By Reginald Williams,
Special to the AFRO
“Have you ever asked a man how he’s doing and he says, ‘I’m alright?’”
That was the question posed in a viral video popular on YouTube.
Colion Noir, a video producer and self-confessed “responsible gun owner” narrated a video shown at the start of Kean University’s tenth Annual Union County Fatherhood Conference that divulged real answers from hundreds of Black men to the standard question “how ya’ doing?”
“I’m here to tell you that man is not alright,” said Noir. “That man is battling demons that you cannot possibly imagine.”
“That man is struggling every single day to find a reason to keep going. And the reason we say we’re alright is that as a man, nobody really cares what you’re going through,” the video clip continued.
The video represented a salient fact: mental fitness among Black men is a fleeting reality for some.
The suicide rate for Black men is rising faster than the rate for other ethnic groups. It has risen even more sharply during the pandemic according to the Journal of the American Medical Association.
Suicide by Black men, according to the U.S. Department of Health and Human Services Office of Minority Health, was four times greater than for African American women in 2018.
Many mental health professionals agree that Black men’s predisposition to chain themselves to societal and cultural ideologies serves as the primary reason why men, Black fathers, too often suffer in silence. Human biology professor Judy U. Chu, of Stanford University, shared “that boys are socialized to mask their sweetness and emotional attachments.” One central message taught to boys is that “big boys don’t cry.”
The 10th Annual Union County Fatherhood Conference, challenged men to connect the traditionally male role of provider with providing and nurturing one’s self. In a packed Kean University auditorium, Tracey Syphax, told the men gathered from New Jersey and states across the East Coast, “you can’t be the best version of yourself if you’re not good with yourself.”
Terry Ford, a conference participant and father of two girls from New Jersey said he is an emotional wreck. Not because his health deteriorated- but because his ability to financially provide for his family declined as his health deteriorated.
“My father taught me from when I was a little boy that it was a man’s responsibility to provide for his family. I don’t feel like a man if I can’t provide for my babies,” said Ford.
Indoctrinated to push their pain aside, men from their childhood willfully embrace values that discourage embracing truth, vulnerability, or seeking help – a theme echoed during the Fatherhood Conference.
Boys chronologically age to become men. Men then become fathers. And fathers then suit up with their childhood wounds and bequeath them to their children—most times unknowingly.
The spirits of being emotionally well and a Black father line up on opposing sides waging these intense internal battles that resemble National Football League linemen in combat. For far too many fathers, emotional, mental, and physical health occupied no priority in their lives. The resounding resolve spoken by many present Black fathers is their need to ‘grind’ for their children, not be concerned with their emotional well-being.
Emotionally drained yet well aware of his need to place his health above everything else, Ford was reluctant to think about his own needs. Even in a workshop where men were challenged to engage in self-care.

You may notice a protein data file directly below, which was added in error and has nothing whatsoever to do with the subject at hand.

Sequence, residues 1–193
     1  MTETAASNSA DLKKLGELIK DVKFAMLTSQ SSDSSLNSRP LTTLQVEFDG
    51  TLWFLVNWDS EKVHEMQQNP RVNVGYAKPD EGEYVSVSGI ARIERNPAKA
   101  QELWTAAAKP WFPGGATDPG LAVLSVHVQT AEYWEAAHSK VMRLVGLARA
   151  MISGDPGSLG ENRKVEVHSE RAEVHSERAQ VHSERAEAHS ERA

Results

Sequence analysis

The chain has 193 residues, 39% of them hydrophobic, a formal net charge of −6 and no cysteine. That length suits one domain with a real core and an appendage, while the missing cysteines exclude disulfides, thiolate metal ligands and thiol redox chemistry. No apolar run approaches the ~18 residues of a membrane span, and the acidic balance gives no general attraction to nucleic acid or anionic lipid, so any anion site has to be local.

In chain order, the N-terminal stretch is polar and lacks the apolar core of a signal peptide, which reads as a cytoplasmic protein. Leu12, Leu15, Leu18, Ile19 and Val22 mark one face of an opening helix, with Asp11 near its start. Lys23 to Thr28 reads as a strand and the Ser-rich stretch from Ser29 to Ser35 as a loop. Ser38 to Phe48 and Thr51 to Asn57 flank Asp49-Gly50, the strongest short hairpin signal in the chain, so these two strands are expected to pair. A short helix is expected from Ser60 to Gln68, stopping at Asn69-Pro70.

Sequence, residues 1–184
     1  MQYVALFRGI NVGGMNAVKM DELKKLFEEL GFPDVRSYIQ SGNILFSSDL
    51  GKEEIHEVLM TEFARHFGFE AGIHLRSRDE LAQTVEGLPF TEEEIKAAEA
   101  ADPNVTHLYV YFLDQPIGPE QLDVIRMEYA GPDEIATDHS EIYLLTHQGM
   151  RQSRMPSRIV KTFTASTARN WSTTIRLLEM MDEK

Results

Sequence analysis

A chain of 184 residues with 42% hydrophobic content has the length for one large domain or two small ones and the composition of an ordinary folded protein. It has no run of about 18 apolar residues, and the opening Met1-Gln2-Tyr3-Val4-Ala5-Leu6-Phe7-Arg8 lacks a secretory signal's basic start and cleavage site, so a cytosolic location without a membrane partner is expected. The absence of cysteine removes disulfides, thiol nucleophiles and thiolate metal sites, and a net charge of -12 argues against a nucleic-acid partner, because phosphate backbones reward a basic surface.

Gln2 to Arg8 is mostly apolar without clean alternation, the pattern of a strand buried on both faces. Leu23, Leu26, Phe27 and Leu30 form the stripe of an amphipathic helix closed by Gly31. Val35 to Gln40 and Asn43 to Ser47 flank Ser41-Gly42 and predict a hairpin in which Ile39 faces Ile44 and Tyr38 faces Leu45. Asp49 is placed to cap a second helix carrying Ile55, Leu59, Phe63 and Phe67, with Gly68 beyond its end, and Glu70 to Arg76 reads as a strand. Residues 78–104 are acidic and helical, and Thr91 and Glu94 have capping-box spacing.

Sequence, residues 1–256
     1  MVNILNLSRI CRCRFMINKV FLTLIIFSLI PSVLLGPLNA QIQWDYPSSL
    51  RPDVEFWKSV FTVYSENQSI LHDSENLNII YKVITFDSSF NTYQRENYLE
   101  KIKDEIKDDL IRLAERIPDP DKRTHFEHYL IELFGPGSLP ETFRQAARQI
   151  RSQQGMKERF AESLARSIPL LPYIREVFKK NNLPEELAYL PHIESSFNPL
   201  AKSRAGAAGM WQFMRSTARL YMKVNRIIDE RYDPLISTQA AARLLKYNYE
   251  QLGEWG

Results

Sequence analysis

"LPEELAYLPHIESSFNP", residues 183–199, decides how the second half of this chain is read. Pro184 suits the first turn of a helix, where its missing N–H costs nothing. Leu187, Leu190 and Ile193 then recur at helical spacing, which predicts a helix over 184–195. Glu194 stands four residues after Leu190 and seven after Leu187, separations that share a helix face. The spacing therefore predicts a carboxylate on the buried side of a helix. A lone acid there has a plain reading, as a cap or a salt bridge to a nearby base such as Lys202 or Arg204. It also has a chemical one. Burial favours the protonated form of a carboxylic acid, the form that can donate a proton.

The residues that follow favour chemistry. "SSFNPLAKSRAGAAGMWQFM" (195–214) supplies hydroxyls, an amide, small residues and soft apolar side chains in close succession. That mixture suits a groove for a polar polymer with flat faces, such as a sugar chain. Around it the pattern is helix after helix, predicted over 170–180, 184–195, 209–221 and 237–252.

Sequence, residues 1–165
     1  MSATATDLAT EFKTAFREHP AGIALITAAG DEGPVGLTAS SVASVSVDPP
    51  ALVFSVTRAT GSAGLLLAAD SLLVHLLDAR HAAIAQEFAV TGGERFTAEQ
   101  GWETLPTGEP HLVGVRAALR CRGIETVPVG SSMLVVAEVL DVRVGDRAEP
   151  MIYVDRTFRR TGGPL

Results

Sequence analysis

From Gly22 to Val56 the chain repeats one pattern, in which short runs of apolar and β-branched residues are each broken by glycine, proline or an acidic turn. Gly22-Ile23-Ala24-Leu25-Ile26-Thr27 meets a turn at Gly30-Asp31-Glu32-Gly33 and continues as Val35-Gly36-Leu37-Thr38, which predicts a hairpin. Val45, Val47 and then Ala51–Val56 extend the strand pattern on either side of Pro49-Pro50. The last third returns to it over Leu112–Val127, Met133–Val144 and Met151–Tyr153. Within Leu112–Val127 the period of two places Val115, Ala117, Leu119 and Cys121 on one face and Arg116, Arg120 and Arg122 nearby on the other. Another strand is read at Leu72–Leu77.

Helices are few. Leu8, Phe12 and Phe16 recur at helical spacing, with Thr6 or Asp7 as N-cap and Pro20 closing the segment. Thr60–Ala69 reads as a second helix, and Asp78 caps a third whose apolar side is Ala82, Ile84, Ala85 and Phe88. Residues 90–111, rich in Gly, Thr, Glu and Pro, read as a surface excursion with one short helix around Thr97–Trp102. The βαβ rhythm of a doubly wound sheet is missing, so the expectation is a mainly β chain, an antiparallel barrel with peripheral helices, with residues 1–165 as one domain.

“I’ll do whatever I have to do to take care of my babies,” he said.
The determination to provide for their children was the overwhelming sentiment echoed. Fathers felt they couldn’t afford to be concerned about their self-care. As a man, it’s their responsibility to provide no matter the circumstances.
They wore the “spirit to grind” like badges of honor, naive to the reality that grinding is equivalent to wearing oneself out.
The inability of Black fathers to embrace their self-care speaks to why Black men have the lowest life expectancy at 70 and live with the greatest prevalence of chronic diseases like diabetes and heart disease. Their health, including their emotional wealth, isn’t a priority, even as Father’s Day approaches.
Syphax, who spends the first hour of each day praying and meditating and performing yoga daily, pushed for fathers to work on themselves by engaging in self-care practices including regularly seeing a therapist. “You must do the internal work to heal yourself,” he said.
Black fathers often exert energy emotionally battling negative narratives and micro-aggressions about their presence or lack thereof in their children’s lives. They usually live with some degree of defeatism.
“I live in some level of discomfort, being three hours away,” shared Professor Naeen Bronson. Bronson’s emotional fatherly distress is rooted in fear. “I fear the challenges he would face as a young Black male growing up in a predominantly White town.”
Understanding the challenges of Black fatherhood and being a Black man, Matt Prestbury, founder of The Black Fathers Foundation, built the non-profit to support, serve and be a healing force for fathers in their fight and struggles to be engaged.
“I wish I could keep every Black man from ever feeling like he’s failing his child(ren) just because he doesn’t have the means to give them what they need and deserve.”
As Father’s Day approaches, some daddies will be surrounded by their children, laughing about times of old and relishing their parental patronage. However, on the other side of that coin, a large congregation of Black fathers will view the day as no different from any other day. Father’s Day is indeed just another day to showcase that “big boys don’t cry.”
Reginald Williams is author of “A Marginalized Voice: Devalued, Dismissed, Disenfranchised & Demonized.” Please email email@example.com or visit amarginalizedvoice.com for more information.
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